I was once known as the "Scorpion Queen". The year I moved to Arizona, I killed over 90 scorpions in my home....in ONE YEAR.
The night I moved in I saw the first one under the sink in my master bedroom. Being the Midwestern girl that I am...I thought it was a centipede as I chased it around with a tissue. UNTIL...it stopped and raised its tail in classic scorpion fashion. What did I do then? Screamed like a 3-year-old of course. My 77-year-old father came running to rescue me by swatting at the scorpion with his foam slipper (I finally squashed it with a hammer).
A year and a half later I was a self-professed expert.
Where do scorpions live in the valley? Hmm.. everywhere. Do I have them in my new house now? Nope.
There are things you should know that can help you buy a scorpion-free home, but remember...no guarantees...
They were here first and have been here longer than dinosaurs.
First, know that the Bark scorpion that lives in the valley likes wet and shady places (then why do they live in the desert? Dumb scorpion.) so they especially like the underground irrigation lines that are typical in citrus orchards. Developers have taken over many of the old orchards in the valley and built homes there so it's not surprising to note that those communities have a higher scorpion population.
However, just because your neighbor has scorpions doesn't mean you will and vice versa. Scorpions are territorial and don't like to leave an area if they're comfortable.
Since scorpions like damp places, there is usually a higher population in grassy damp areas like golf courses fairways. But, just to confuse us, they also like dry rocky areas like mountain preserves. So homes bordering those areas are more likely to include a scorpion or two with that lot premium.
And while we're talking about a scorpion or two, I've found they usually travel in pairs (isn't that romantic?). If you see one...keep looking.
So how do you know if a home has scorpions before you buy it? Well, you can't for sure. Seller's do have an obligation to disclose whether they've ever seen a scorpion in their house or yard and this will be found on the Seller's Property Disclosure Statement. But just because they have an obligation to disclose, doesn't mean they will.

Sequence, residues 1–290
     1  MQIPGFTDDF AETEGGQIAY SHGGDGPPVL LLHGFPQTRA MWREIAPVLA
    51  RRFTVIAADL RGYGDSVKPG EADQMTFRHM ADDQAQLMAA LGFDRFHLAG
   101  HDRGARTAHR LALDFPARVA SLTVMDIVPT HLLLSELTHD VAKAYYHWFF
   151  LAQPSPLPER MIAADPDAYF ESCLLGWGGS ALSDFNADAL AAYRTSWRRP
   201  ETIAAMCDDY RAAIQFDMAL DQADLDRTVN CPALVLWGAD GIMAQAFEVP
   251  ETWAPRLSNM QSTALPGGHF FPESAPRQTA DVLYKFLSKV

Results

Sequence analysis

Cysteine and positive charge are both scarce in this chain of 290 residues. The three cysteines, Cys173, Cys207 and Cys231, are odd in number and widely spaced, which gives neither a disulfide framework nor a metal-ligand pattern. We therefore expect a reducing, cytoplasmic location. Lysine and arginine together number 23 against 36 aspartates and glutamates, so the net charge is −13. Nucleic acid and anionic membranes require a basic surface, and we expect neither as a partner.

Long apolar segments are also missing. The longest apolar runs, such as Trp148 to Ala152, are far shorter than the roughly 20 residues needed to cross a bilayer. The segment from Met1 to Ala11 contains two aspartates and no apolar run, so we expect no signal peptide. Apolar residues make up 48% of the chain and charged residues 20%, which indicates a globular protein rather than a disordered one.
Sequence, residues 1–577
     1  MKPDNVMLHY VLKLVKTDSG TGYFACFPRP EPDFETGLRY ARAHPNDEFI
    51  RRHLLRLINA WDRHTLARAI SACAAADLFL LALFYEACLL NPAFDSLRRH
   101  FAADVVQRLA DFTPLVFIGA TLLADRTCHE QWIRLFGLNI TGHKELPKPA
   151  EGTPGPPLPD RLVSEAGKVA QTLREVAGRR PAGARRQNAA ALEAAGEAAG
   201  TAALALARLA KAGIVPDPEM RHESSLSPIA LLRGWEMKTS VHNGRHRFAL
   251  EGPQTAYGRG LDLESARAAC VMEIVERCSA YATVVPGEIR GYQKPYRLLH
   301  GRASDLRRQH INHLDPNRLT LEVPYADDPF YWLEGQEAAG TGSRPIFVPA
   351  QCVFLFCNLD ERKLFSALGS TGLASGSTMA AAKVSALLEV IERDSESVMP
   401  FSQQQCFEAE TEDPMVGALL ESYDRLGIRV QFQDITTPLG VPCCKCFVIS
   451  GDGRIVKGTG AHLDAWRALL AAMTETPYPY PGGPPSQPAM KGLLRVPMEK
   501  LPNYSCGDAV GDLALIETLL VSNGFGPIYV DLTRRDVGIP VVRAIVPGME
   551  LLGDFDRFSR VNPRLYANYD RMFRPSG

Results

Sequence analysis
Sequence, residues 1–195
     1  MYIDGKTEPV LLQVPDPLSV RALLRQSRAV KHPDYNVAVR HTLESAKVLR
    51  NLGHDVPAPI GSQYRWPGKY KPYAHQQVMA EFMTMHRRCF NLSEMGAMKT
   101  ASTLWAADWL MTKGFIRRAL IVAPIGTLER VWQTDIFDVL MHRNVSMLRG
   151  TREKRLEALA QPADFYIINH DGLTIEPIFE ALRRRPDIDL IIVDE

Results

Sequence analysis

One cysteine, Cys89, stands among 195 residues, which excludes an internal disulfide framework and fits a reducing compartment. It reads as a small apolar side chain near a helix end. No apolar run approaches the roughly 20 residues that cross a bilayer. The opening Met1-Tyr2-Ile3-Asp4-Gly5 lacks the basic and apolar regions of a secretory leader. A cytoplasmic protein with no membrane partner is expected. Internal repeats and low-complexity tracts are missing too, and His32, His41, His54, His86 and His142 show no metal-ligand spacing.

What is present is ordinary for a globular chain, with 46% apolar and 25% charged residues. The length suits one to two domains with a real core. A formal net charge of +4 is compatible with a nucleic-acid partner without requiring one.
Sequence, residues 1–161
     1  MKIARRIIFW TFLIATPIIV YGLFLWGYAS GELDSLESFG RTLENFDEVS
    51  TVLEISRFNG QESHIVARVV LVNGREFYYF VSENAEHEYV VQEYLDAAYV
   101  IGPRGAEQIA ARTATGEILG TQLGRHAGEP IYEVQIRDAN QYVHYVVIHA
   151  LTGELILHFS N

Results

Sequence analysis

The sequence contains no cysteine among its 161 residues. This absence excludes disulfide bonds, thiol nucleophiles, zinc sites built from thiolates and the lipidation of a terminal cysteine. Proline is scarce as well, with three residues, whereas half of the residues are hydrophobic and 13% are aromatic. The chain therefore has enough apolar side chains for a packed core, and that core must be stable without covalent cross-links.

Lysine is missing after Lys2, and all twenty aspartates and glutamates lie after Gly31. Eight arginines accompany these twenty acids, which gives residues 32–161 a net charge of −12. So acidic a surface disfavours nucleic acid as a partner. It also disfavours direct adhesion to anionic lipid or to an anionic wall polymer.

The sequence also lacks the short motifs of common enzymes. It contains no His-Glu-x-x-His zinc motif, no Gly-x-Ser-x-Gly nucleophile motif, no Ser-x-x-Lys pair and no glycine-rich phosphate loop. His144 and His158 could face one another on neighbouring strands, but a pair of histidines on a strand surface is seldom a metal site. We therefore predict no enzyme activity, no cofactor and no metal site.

Your Realtor® can be very helpful especially if they have sold homes in a certain area, they will sometimes have a knowledge of the areas where scorpions have shown their tails. But again, a Realtor® isn't an expert on all communities or every home within that community, and like we said...just because your neighbor has them doesn't mean you will. You might want to talk to the neighbors as they may be the best source to let you know if the owner has spoken of a scorpion issue.
What do you do if you see a scorpion in the house you just purchased? After you stop screaming, relax. There are ways to help reduce the population. First get an Arizona Fly Swatter (a hammer) for every room. Don't laugh, it works.
Then, get a good pest control company to help you to get rid of any crickets, roaches or spiders making up the scorpion's food supply.
If you like cats, get one and whatever you do, don't declaw it. Cats are a natural predator of scorpions. They kill them with their claws. Oh...Chickens too. They love to eat scorpions. Having a chicken in the city could be a problem with zoning though, so best to find out first.
Another trick is diatomaceous earth. This is the powder you put in pool filters. It's said to be effective keeping scorpions out of your house if you put a trail of the powder at entry points to your home (doorways & windows sills mostly). The powder is composed of glass-like particles which slice open the soft belly of the scorpion when it crawls across it. Nice.
Many people say that scorpions are impervious to residual insecticides...however, a few that come highly recommended are Cykick Bug Spray & Delta Eight Granules.
You could consider having your home professionally sealed (note~ this is different than hermetically sealed). Many pest control companies offer this service where they seal all possible scorpion entry points. It's not cheap, but it does work. I know, because I did it to the first home I owned here in Arizona. You remember - the one with the 90 happy scorpions.
Last but not least...because this can be fun - get a black light and an Arizona Fly Swatter and do a scorpion hunt inside your home and yard after dark. Scorpions will glow yellow-green under a black light. Whack-A-Scorp. Yes, good times.
I'm happy to say I've never been stung by a scorpion. I've heard the sting is pretty miserable but they are not usually life threatening unless you are allergic, have a compromised immune system, or are under 10 years old or elderly. Take comfort that Arizona does have antivenin and no one has died from a scorpion sting in over 40 years. If you get stung get emergency treatment to make sure you're ok. You probably are.
Final note. I had a client who bought a home in the foothills of Ahwatukee...backing to the preserve. He got stung on the butt sitting on the toilet. Apparently, the scorpion was hiding under the seat. So ladies, maybe it's best if he does leave the toilet seat up!
If you're looking for a home in Chandler or the surrounding East Valley, the Amy Jones Group specializes in this area and is here to help guide you. Whether it's a question about scorpions, monsoons, surviving summers in the desert or something else you are wondering about the area, we've probably dealt with it and can give you advice.